How should Hong Kong react to China's nuclear expansion?
Thirty years ago, Guangdong Province was selected as the site for a momentous experiment - the opening up of China - which changed the economic order of the world. Hong Kong played a crucial role: there were some aspects of the economic transformation over which Hong Kong had some measure of control through its businesses' investments. Importantly however, there were aspects where Hong Kong had no direct decision-making authority and had to adapt itself to national and provincial policymaking.
Nuclear development in China - past, current and future - mirrors this economic transformation. The first nuclear facility in China was built in Guangdong at Daya Bay, which acted as a testing ground for nuclear development across China. Again, Hong Kong society as a whole had some influence on the development of this facility given it involved a joint-venture with a Hong Kong listed company, China Light & Power. However, just as for economic development generally, there were many aspects of the nuclear development process over which Hong Kong had no control, and was subject to national level energy policy. Future developments will be the same.
China sets her energy policy to achieve a range of objectives, amongst them:
- Matching supply with rising energy demand, which has been regularly revised upwards since 2002;
- Combating climate change by lowering greenhouse gas emissions in the world's biggest emitter, which China has targeted by its 40-45% energy intensity reduction goal; and
- Shoring-up energy security by diversifying away from oil and coal.
The tools with which China manages this juggling act include hydro-power, renewables, and nuclear, and the 12th Five Year Plan makes a case for expanding all of these to one degree or another. Notably, these sources will still be the minority, collectively expected to make up just over 11% of primary energy consumption by 2015. Coal continues to dominate.
Whether China has got the balance right amongst the various energy options - coal, gas, nuclear, solar, wind, hydropower, etc. - is a matter of legitimate enquiry within and without China. But at the end of the day, that policy is not set by Hong Kong. The Central People's Government has made a fourfold expansion of nuclear capacity by 2015 a part of the new energy story, and in order that the expansion should occur near the industrial operations which the electricity should serve, a large proportion of the expansion is slated for Guangdong Province.
The International Atomic Energy Agency reports that Guangdong has about 43% of currently operating reactors in China (6 out of 14) and close to 20% of reactors presently under construction (5 out of 27). A recent academic article estimates that Guangdong will be home to over 30% of the reactors in the planning pipeline (12 out of 38). Even if Hong Kong abolished its current policy of importing 23% of its electricity in the form of nuclear power from Guangdong, and even if Hong Kong abandoned its plans to expand this to 50% of electricity by 2020, Hong Kong will inescapably find itself in a nuclear neighborhood.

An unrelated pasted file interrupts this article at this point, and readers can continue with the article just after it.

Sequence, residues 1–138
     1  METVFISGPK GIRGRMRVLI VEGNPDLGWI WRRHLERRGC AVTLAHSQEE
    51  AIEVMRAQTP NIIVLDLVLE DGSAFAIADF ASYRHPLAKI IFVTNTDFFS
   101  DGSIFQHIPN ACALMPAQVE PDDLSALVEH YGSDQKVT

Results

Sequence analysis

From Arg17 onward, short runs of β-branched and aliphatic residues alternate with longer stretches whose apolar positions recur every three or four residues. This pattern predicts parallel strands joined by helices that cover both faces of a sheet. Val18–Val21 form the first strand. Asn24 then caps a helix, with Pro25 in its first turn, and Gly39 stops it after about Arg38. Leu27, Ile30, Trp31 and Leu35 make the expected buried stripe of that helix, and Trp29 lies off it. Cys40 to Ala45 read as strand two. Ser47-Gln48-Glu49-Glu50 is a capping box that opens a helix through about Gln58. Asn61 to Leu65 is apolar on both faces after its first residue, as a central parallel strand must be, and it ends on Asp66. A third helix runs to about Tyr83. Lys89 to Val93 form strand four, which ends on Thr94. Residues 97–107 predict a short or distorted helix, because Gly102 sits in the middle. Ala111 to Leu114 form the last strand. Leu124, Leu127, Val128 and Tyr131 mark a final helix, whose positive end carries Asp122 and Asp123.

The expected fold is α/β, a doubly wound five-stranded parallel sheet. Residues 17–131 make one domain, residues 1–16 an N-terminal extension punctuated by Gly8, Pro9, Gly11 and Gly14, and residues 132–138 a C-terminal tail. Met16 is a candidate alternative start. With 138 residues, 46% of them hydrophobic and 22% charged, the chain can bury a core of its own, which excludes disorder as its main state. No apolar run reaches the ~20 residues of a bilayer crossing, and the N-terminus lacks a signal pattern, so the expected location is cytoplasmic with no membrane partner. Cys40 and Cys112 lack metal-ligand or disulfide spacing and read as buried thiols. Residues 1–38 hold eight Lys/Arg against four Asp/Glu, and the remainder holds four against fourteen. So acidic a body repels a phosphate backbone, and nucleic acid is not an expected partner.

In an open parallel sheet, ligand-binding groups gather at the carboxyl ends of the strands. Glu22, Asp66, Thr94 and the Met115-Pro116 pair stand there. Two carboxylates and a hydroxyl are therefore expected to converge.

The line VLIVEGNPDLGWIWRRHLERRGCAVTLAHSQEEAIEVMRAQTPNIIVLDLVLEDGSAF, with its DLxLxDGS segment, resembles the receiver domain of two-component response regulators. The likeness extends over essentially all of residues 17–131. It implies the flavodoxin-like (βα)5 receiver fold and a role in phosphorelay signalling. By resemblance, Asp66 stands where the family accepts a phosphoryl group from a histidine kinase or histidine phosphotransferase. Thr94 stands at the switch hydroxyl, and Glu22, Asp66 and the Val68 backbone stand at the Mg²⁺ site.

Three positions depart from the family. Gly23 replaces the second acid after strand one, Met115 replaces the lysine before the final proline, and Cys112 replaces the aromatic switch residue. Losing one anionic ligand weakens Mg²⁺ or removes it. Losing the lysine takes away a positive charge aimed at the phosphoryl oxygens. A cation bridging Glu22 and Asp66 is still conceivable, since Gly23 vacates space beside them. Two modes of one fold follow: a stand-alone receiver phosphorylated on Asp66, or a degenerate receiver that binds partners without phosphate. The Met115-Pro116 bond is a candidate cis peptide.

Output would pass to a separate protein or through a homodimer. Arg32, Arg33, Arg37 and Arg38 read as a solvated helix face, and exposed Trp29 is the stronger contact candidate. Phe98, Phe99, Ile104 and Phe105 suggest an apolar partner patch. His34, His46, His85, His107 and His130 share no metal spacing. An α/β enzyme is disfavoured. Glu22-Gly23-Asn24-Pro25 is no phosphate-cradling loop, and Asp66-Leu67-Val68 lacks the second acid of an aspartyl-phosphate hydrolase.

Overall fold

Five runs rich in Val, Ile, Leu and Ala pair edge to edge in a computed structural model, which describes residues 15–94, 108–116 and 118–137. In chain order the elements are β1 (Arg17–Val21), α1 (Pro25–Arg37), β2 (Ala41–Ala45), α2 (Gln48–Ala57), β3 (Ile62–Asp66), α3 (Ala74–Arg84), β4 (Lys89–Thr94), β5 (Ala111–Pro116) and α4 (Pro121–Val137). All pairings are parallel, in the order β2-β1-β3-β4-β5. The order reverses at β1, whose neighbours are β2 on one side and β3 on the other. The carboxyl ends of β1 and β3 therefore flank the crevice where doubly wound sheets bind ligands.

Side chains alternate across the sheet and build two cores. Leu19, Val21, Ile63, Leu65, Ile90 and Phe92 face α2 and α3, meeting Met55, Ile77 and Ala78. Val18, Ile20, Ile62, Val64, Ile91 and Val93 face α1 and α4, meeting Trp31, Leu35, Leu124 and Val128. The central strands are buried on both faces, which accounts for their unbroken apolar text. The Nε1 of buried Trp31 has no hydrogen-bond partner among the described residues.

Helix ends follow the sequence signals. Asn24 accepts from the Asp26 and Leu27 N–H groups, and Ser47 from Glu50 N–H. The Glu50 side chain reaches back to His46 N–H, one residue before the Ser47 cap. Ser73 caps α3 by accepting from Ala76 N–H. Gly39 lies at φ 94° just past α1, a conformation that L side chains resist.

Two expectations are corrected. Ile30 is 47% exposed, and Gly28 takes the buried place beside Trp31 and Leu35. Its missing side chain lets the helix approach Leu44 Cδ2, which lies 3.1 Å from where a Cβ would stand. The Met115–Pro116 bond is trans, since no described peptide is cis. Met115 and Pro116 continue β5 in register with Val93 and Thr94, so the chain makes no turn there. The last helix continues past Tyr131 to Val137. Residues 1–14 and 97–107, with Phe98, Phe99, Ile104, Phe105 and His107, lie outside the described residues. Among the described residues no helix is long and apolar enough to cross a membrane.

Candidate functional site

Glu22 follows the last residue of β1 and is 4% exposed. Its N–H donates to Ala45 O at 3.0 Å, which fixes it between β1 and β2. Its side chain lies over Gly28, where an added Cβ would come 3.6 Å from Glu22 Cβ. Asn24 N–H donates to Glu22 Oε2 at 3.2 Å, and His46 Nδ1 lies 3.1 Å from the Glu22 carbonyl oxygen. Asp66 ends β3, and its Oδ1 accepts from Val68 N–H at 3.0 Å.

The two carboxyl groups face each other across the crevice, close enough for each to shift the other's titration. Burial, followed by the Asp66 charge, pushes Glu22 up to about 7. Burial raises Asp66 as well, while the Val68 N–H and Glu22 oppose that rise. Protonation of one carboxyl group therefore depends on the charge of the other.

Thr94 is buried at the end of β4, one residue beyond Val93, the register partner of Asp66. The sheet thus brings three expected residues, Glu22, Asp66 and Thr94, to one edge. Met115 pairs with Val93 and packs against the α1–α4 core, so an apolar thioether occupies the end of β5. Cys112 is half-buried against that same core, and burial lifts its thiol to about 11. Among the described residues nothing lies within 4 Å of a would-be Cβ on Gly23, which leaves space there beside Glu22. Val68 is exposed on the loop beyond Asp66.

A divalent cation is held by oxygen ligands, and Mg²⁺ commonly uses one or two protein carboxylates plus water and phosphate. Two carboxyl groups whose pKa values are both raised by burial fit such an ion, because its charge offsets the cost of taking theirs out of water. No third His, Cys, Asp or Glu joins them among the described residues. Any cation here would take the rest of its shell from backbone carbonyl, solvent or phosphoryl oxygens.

What then should be the approach of Hong Kong? If China has made her decision and is adamant that she will move in a nuclear direction, then how can that decision be implemented in the best interest of public and environmental safety for Hong Kong people and the other people in China?
Arguably, the influence of Hong Kong's vehicles for public expression - e.g. an open press, the ability to ask questions in the Legislative Council, the right to dissenting assembly - have helped enhance safety and management at the Daya Bay nuclear power plant. That has been beneficial not only for Hong Kong people but also for the people of Guangdong, and indeed for all Chinese people who use or live near nuclear facilities, in so far as Daya Bay was a bellwether for the country's nuclear development.
This is a role Hong Kong can continue to play, but it is a role that requires discussion, learning, and wise counsel. Experts on nuclear operations, safety, and risk management play a uniquely important part, as well as utilities, government, the media, research and education institutions, civil society and the broader public.
Finally, a healthy and rigorous discussion on the expansion of nuclear power should open our thinking to the advantages and trade-offs across the energy spectrum. During the three months from 11 March 2011 that Hong Kong newspapers featured the Fukushima accident regularly on their front pages, on less prominent pages they also reported at least 20 separate coal mine incidents across China in which over 140 people lost their lives, and dozens were missing or injured. The lives of over 400 villagers in Sichuan were endangered by a nearby coal mine, and civil unrest in Inner Mongolia was directly linked to coal operations.
The cursory descriptions of most of these incidents indicate that they are regarded as humdrum in the local media. Hong Kong people should be as much concerned about the actuality of harm to public health in China's total energy scene as the potential for harm from the nuclear sector. Shouldn't the same concern for human life and environmental integrity that characterizes the scrutiny of the nuclear industry be applied across the board of energy options in China, including coal, hydropower, and even wind and solar?